My ongoing criticism of films our public schools choose to expose our children to have generated an interesting spectrum of responses.
Most of the comments are in agreement with my assertion that there is an agenda at play, with leftwing ideology being presented as society’s norm. Repeated viewings of movies such as Al Gore’s self-serving PowerPoint presentation ‘An Inconvenient Truth’ and Michael Moore’s factually-inaccurate ‘Sicko’ are just a convenient way to spread the message.
A few responses from the U.S. were incredulous. They simply could not believe that such one-sided movies would be shown in the classroom – in taxpayer funded public schools, no less.
One email in particular tweaked my interest above all others. A response was from a reader in Quebec (I won’t hold that against her) who pulled a ‘put up or shut up’ out of her trick bag.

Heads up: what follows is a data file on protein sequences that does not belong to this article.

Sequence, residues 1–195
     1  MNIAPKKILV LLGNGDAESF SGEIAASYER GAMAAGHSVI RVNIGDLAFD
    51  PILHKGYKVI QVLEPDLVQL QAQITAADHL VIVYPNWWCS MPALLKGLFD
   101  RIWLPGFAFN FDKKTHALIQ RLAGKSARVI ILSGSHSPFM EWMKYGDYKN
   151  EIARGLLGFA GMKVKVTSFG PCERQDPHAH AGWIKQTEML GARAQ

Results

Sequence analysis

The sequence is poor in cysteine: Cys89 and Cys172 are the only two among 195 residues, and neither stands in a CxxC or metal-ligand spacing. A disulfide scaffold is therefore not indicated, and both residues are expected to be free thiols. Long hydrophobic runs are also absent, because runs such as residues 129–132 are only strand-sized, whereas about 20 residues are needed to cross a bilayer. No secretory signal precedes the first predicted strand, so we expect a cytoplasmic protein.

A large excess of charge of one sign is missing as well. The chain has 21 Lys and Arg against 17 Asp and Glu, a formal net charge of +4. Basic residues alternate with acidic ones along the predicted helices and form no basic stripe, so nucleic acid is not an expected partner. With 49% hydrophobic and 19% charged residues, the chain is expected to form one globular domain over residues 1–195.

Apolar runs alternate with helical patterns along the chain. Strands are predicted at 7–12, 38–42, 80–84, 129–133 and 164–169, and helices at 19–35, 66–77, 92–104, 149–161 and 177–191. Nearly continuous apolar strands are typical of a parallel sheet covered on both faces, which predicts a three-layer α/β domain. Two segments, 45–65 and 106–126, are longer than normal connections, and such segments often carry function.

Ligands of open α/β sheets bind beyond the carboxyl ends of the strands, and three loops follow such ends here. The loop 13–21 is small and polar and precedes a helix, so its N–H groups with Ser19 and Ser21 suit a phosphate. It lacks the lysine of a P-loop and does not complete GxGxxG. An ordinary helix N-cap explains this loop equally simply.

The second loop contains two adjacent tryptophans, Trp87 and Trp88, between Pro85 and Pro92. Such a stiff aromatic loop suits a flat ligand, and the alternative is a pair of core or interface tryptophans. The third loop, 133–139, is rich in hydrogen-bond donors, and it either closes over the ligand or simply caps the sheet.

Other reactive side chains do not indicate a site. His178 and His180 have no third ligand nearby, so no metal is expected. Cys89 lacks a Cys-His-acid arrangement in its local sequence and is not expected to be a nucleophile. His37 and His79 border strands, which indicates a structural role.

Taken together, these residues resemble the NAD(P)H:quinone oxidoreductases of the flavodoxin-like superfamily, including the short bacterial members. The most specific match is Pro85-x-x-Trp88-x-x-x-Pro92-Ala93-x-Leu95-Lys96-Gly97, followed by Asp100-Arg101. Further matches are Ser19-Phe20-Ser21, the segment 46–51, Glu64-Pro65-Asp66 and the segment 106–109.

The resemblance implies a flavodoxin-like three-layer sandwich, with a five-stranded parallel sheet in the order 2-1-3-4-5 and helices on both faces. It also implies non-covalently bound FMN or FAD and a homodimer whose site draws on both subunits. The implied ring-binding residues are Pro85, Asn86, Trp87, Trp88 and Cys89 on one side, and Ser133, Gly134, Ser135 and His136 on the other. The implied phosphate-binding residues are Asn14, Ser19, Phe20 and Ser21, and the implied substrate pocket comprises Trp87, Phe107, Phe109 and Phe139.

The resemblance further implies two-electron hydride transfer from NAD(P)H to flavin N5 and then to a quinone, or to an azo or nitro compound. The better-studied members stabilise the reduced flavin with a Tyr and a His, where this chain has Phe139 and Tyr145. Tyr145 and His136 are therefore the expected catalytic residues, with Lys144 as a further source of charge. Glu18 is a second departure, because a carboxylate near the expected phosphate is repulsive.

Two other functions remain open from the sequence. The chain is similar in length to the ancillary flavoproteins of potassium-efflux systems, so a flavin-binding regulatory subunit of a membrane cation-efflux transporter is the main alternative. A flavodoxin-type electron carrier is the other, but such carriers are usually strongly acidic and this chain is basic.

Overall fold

Pointing out that I have made no secret about films I have issues with, she asked what films I would consider ‘acceptable’ for classroom viewing.
I thought you’d never ask…
George Lucas’s first feature-length film (developed from his own university student film Electronic Labyrinth: THX 1138 4EB) is a stylish-yet-bleak look at a future dystopian society. Humanity is suppressed by the overpowering government who keeps its citizens controlled by the use of a devotion to a God (‘OMM’) and mandatory narcotics.
This is a brilliant interpretation of too much government control over its people, and the instinctual desire for freedom and individuality as portrayed by the main character (Robert Duvall). Essentially a cautionary tale against people giving up too much power to their government, so there is no surprise that union teachers won’t show this.....